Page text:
It’s no secret. I am a proud Mom. My tween is on the honor roll. She made the basketball team at a new school. She has this amazing philanthropic spirit. And most days, my daughter can tolerate hanging out with her YouTube-confused, middle-aged Mom.
After her birth, I was prepared for the challenges that lay ahead. Teething. Potty training. Pre-algebra homework. But even in a modern society, I never imagined to be surrounded by road blocks – in and out of work.
We as women continue to battle obstacles most men rarely experience. These hurdles are not limited to the workplace. We have been raised in a culture where men are historically placed in a higher echelon.
However, not all of the blame lays with society. I recently attended an event where two female CEOs spoke about love and children and left the audience with no actionable lessons. They stereotypically walked right into the clichéd “working mom” trap.
Then there was the Dreamforce panel in which the moderator – a woman – ignored the successes of its female participants and proceeded to patronize them throughout the interview.
Being a working mom, I often am asked, “How do you do it? Isn’t it hard?”
Let me tell you what is hard. Work is. Parenting is. But you know what else is difficult? Pitching new business to a potential client. Drafting a blog post when you have the worst case of writer’s block. Driving through rush hour traffic to make a parent-teacher conference.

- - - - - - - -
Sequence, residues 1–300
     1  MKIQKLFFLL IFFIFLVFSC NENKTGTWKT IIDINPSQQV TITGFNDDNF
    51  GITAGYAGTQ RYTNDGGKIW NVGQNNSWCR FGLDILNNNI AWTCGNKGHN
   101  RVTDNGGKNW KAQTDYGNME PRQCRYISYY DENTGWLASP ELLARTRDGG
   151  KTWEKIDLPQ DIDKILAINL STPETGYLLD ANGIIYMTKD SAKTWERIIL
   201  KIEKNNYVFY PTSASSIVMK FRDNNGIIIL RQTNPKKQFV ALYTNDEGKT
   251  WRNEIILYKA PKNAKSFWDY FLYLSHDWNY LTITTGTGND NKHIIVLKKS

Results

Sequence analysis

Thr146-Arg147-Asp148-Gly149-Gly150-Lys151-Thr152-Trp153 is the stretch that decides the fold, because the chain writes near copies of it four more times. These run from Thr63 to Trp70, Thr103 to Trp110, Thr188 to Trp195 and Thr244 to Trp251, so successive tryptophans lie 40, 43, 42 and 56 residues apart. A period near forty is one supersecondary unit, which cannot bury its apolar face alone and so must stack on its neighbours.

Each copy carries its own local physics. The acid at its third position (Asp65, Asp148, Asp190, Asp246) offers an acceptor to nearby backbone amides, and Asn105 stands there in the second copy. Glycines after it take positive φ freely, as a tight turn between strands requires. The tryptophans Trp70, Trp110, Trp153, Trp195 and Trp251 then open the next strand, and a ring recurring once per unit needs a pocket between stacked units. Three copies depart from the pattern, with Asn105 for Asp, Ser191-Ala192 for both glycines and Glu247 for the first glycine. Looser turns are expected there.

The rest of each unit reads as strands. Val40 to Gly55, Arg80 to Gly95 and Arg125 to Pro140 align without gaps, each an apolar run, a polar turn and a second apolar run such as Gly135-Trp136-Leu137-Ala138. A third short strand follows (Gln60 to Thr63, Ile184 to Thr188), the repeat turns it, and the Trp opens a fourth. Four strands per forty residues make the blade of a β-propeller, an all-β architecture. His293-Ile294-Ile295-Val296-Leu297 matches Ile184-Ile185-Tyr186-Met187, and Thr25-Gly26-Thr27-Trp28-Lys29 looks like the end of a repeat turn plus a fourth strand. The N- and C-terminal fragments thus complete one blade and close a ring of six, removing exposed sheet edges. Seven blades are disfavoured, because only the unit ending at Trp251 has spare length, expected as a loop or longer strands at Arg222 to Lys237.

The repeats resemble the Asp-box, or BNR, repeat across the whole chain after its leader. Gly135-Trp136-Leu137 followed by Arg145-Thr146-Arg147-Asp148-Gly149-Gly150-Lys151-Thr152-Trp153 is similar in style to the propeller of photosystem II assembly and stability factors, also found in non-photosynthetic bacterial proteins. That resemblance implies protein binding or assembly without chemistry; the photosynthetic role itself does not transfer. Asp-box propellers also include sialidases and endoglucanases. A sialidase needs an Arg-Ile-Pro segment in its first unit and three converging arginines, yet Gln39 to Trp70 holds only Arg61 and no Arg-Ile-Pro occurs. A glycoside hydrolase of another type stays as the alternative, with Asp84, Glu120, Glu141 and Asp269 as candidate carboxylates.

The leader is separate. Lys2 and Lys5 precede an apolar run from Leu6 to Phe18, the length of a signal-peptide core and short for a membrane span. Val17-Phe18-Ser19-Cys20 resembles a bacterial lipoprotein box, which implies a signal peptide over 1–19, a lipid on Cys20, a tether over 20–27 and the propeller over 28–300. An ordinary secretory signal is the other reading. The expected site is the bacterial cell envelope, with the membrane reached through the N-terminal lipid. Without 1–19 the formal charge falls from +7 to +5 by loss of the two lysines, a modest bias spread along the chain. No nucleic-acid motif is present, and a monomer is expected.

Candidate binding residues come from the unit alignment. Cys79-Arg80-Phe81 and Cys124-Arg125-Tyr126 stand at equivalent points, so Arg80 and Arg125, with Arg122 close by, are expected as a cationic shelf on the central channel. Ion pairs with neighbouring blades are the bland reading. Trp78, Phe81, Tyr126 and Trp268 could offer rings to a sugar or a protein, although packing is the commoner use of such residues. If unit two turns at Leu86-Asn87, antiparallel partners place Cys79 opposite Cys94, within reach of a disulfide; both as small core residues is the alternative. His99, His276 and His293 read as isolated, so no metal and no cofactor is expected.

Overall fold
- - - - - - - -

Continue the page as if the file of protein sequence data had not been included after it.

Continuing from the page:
So my question is, “How do any of us do it?”
I have the same ambitions as my childless co-workers. And often our careers for all of us are the vehicles towards we achieve those goals. Yes, my family life undoubtedly will trickle into my work. I can leave work but I can never “leave” my family. But I also put in extra hours to hit a deadline. I will consider relocating my family if an opportunity arises. These are all choices any employee would have to make.
Parenting is rewarding. But so is my career. I have been fortunate. I have worked for organizations that are very family-friendly. But I never expect an advantage because I am a Mom. I want the same flexibility and considerations to be extended to my coworkers with no children. Juggling work-life balance is a struggle we all have – men, women, single,
married, parent or not.
I am committed to my job and pride myself in producing the best work I can. I want to succeed in my career, not for my daughter, not for society, but for me. Being a strong role model is simply an added perk.
So why must I prove myself as a working mother to others? If my employer is satisfied with my work, then shouldn’t you be too?
Work does not change my identity.
I am a Mom. I am a community manager. I am a friend. I am a volunteer. I am multifaceted. I am Monina Wagner.